Vanity fair

Vanity fair

By ANIRUDH VOHRA | | 20 August, 2016
Everyone has a book in them and some of us even manage to get it out every once in a while. But findings the right publisher always proves to be an ordeal for prospective authors, many of whom are now choosing to self- publish their works.

Becoming a published writer these days is as much a matter of prestige as it is about creative satisfaction. It’s true that an author is someone who looks at the world differently. But more than that, an author is someone who is looked upon differently by the world — in a different light, that is, as compared to us ordinary mortals.

This might explain why getting a book published seems often to figure at the top of every professional’s — or, for that matter, non-professional’s — wishlist. Everyone who is anyone wants, at least on the side, to become a published writer today. Bankers, engineers, government administrators, businessmen — they all happen to have a book in them. The only problem many of them face has to do with getting that book out.

Having your work published is never easy, especially so if you’re looking to get the imprint of a popular publication house on the cover of your book. The screening process can be rigorous, and a lot still depends on plain luck. What are the chances of your manuscript landing into the right hands at the right time? Besides, not everyone is up for the painful grind that unpublished writers are expected to go through — running from pillar to post to get commissioning editors to read your stuff.  Nor can most prospective authors afford to recruit expensive literary agents to do their bidding for them.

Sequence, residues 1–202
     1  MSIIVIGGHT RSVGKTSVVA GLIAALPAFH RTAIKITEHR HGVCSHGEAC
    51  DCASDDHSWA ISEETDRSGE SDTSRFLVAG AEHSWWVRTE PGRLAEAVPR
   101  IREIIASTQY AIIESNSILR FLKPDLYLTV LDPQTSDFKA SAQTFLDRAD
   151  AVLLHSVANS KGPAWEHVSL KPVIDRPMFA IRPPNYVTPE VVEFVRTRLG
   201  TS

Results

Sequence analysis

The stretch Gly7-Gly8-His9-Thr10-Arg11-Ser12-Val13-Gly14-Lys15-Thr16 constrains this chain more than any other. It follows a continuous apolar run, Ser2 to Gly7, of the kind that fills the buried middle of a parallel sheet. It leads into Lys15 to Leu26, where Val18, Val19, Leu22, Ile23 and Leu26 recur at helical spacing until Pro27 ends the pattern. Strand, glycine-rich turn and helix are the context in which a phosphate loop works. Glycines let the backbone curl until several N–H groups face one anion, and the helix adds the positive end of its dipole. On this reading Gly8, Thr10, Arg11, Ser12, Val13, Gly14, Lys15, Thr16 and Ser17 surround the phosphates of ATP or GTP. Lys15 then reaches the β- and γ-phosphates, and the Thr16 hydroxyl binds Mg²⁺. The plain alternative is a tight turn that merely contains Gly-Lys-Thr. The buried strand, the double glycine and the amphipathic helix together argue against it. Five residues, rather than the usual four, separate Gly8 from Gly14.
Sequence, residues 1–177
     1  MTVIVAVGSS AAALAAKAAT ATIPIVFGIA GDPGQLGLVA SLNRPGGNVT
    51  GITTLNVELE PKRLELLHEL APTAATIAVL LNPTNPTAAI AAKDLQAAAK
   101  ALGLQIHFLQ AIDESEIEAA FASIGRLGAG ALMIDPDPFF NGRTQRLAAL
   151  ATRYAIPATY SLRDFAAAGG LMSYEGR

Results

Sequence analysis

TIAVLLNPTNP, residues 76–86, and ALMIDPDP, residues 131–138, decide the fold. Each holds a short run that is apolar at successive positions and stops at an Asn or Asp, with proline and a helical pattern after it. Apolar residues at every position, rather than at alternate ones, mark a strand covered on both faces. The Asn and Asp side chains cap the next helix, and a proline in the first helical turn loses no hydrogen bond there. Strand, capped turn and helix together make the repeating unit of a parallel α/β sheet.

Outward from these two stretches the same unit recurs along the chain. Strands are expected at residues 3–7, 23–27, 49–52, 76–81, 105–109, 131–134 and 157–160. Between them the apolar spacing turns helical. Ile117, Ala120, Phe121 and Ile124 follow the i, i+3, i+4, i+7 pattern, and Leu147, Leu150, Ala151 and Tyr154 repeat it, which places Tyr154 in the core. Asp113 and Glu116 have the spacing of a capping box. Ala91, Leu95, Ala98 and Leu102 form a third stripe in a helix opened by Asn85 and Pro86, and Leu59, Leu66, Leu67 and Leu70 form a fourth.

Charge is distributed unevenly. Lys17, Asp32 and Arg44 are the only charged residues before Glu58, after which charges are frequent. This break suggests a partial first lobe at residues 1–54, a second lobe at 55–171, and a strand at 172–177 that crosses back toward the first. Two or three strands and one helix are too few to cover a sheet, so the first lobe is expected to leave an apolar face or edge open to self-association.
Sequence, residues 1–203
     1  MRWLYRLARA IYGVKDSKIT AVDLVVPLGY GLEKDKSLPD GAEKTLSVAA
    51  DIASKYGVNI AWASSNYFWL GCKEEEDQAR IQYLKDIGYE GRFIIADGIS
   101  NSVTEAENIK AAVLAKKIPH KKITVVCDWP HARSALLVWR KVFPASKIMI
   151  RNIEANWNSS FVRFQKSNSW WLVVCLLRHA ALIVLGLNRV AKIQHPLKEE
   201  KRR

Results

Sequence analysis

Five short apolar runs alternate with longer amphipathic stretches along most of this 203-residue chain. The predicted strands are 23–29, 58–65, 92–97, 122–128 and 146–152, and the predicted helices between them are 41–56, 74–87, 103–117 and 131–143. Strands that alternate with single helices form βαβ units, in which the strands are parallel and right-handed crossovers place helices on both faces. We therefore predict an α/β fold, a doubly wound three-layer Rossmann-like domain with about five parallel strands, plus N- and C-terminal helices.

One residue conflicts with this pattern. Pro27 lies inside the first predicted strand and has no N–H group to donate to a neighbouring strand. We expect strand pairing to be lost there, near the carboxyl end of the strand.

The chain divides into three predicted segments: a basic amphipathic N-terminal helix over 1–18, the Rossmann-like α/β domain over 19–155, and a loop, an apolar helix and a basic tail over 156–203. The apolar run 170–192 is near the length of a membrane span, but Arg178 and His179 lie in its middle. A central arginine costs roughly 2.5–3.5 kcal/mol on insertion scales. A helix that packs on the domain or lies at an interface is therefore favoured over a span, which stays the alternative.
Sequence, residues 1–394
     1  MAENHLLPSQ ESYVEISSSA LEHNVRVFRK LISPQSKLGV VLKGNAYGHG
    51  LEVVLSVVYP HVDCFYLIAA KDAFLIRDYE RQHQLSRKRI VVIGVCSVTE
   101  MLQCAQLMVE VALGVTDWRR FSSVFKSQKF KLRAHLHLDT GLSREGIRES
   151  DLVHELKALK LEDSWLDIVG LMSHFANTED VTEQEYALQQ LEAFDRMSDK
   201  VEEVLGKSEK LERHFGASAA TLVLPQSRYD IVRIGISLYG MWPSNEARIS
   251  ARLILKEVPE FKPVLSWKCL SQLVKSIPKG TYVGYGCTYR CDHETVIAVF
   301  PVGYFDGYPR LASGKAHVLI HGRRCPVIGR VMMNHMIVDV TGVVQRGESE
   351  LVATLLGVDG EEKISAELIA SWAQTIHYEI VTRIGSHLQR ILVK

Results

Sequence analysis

There’s one way, however, to avoid all this unpleasant stuff and still get your book out: by self-publishing it.

Naveen Valsakumar, co-founder of Notion Press, a publication house that helps writers self-publish their works, trained as an engineer and had dreams of getting his own book out one day. When he was unable to find a publisher, he was disheartened and contemplated giving up writing altogether. But he eventually refused to give in, and established Notion Press in 2012 with the intention of lending a helping hand to struggling writings.

“In spite of having a friend in the industry, I couldn’t get my work published,” Naveen told Guardian 20. “I don’t blame the publishing industry for it. From their point of view, they’d have to spend a huge amount of money on your book, so it’s very natural that they expect a good return on their investment. This becomes easy if the writer is already a celebrity but in the case of a newbee, it’s too big a gamble to make, which they prefer to avoid.”

Notion Press offers various publishing, designing, editing, printing and distribution options to both authors and publishers from around the world. This is a startup that aims to solve the problems in book publishing and distribution by creating highly scalable solutions that work across the globe.

“Self-publishing is a very simple process. Companies like ours ask authors to invest in their own books, while we assist them with the process. The author is kept in the loop with respect to all the different aspects of the book, which he chooses himself too. So you can your bring out your book exactly the way you want it and sell it the way you want it too,” explained Naveen.

Zorba Books is another self-publishing firm, which is headquartered in Gurgaon. “In self-publishing, the author isresponsible for everything that has to do with his or her book. You can either do all this on your own or take help from companies like ours which have contacts and can make things a bit simpler,” said Shalini Gupta, founder, Zorba Books.